[Milton-L] Beauty dissertation (was "no subject?)

Salwa Khoddam skhoddam at cox.net
Thu Jan 6 13:05:15 EST 2011


    Carol wrote: " I'm not so sure that the dichotomy in Milton's mind is beauty vs. ugliness: I think it's more to do with proportion, with balance, with the "via media" vs. excess."
    But isn't "proportion" and "balance" synonymous with "beauty" in its total concept, including physical beauty as well  as the "via media"? It's all of a piece.  For Milton, as for Augustine, the "via media" of Aristotle is translated as resulting from the  knowledge of God.  In fact "the aim of education is to know God aright and out of this knowledge to love him, to imitate him, to be like him" ( Milton "On Education")?  I think at one point when expounding Milton's aesthetics, and Professor Skulsky's "hints" are extremely interesting and significant, one has to include the term "Augustinian" (excess as leading to sin, which Carol mentions) and "neo-Platonic." 
    Tony Demarest wrote:  "But there is more than the physical idea of beauty at work here- as if there were a beauty behind the apparent beauty.  Is it appropriate to speculate about Milton's aesthetic, and fix its path- phrases such as "Archangel ruined" surely qualify as beauty in image and sound. What if PL is, on one level, an attempt to create and destroy the idea of beauty- as only man can-?"
I agree with these statements.  All the universe for Puritans is filled with beauty, some hidden in the physical world.  Ryken (see below) mentions the puritan Samuel Clarke,  as writing in The Saint's Nosegay,"grace is hid in nature . . . as sweet-water in rose leaves" (4).  Perhaps PL is an attempt to create and destroy the idea of godless or grace-less beauty, detached from its original author either by a demonic angel or man.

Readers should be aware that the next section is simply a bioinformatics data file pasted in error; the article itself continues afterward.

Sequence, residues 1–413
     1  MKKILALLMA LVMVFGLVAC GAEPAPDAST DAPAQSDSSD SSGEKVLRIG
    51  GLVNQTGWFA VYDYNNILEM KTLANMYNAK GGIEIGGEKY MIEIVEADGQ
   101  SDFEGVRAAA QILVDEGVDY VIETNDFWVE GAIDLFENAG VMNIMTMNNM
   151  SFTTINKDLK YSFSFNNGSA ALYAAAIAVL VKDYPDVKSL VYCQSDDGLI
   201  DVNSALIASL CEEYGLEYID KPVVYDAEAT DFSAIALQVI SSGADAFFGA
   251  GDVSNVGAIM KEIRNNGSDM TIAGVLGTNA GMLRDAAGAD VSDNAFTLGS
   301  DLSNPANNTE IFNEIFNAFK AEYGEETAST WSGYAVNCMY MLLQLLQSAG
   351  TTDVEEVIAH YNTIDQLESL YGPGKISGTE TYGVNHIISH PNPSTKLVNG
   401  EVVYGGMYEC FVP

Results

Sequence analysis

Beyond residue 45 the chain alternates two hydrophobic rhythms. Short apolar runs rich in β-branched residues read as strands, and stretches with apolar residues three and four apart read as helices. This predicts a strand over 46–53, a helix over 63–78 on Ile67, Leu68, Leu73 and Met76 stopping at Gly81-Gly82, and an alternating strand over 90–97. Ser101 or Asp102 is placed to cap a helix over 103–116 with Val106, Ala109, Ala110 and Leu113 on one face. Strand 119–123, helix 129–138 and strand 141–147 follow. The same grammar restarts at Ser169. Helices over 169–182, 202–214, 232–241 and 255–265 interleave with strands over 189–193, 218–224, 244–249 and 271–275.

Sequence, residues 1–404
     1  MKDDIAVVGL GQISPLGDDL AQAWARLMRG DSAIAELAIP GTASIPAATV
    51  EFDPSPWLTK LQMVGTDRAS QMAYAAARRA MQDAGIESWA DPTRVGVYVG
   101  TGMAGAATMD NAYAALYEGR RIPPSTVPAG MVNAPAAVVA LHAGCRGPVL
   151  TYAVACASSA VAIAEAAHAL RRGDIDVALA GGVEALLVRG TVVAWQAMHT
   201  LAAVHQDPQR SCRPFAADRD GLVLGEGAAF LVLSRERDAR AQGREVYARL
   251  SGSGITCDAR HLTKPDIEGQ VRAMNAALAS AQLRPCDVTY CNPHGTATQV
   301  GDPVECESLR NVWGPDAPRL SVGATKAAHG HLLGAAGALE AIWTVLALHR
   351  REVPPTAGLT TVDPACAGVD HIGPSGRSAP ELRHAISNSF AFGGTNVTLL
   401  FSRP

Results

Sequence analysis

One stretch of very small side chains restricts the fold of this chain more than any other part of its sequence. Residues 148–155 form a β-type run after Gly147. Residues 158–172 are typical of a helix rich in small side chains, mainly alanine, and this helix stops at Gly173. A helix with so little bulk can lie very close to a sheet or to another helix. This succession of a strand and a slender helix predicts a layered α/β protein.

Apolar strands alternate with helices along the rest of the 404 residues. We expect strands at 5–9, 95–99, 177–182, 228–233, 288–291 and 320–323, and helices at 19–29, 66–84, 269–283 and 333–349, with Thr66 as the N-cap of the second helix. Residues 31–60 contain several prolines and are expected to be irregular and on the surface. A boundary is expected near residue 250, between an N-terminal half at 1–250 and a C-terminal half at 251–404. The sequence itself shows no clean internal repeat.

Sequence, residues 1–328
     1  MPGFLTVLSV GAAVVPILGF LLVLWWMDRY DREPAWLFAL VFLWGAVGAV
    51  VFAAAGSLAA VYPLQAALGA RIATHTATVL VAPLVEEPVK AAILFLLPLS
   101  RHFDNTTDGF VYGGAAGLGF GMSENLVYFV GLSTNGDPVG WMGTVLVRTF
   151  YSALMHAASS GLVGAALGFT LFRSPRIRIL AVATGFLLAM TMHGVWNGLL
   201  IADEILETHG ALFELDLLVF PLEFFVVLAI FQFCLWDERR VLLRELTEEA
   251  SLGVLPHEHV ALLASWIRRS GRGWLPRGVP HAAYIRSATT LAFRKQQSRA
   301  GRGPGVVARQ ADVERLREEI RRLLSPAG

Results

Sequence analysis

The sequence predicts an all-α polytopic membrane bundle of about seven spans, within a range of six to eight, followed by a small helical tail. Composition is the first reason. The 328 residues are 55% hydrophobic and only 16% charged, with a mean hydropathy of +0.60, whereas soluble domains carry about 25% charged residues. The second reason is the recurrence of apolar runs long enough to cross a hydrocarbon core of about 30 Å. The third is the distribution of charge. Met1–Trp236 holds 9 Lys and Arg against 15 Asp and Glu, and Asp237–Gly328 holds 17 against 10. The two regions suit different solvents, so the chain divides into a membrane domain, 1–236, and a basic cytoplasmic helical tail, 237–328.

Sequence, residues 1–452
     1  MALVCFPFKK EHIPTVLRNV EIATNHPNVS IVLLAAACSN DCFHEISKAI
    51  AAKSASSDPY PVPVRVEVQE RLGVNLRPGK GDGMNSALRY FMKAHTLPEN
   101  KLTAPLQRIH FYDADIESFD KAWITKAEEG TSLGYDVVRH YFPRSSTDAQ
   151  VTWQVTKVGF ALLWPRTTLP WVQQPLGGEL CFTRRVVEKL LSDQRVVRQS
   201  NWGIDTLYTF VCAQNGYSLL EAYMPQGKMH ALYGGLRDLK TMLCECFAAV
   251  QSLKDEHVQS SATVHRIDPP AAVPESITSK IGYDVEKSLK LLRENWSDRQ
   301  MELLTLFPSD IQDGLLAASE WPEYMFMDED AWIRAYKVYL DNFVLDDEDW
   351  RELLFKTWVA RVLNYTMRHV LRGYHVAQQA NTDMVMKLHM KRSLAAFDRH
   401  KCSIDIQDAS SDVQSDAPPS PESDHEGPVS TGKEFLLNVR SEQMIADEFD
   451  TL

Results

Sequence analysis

By the way, another excellent book on the Puritans is  Worldy Saints:  The Puritans As They Really Were by Leland Ryken, Zondervan,1986, which debunks prevalent myths about the Puritans.  There's a little about the Puritans and the arts (music), but not much about the concept of beauty.
What an interesting thread!
Thanks,
Salwa
Salwa Khoddam, Ph.D.
Professor of English, Emerita
Oklahoma City University
2501 N. Blackwelder
OKC, OK  73106
Phone:  405-208-5127
Email:  skhoddam at cox.net
  ----- Original Message ----- 
  From: Carol Barton 
  To: John Milton Discussion List 
  Sent: Thursday, January 06, 2011 8:52 AM
  Subject: Re: [Milton-L] Beauty dissertation (was "no subject?)


  Jeffery (and Salwa), I'm not so sure that the dichotomy in Milton's mind is beauty vs. ugliness: I think it's more to do with proportion, with balance, with the "via media" vs. excess (as Salwa's comment suggests). The garden grows *too* abundantly; Adam's love for Eve is *too* great to allow him to worship and love God the way he should; Eve's appetite for wisdom is overreaching, instead of "lowly wise." Even their respective proposals for penance (abstinence, suicide, taking on the entire burden of sin oneself) are "too much of a much." There is the sense of excess that permeates the Garden of Acrasia in the _Faerie Queene_ as well--the failure of Temperance--suggestive, I think, of temptation so overwhelming that it obscures right reason.

  By the way--apologies for the posting of a message intended to be private to the list.

  Best to all,

  Carol Barton


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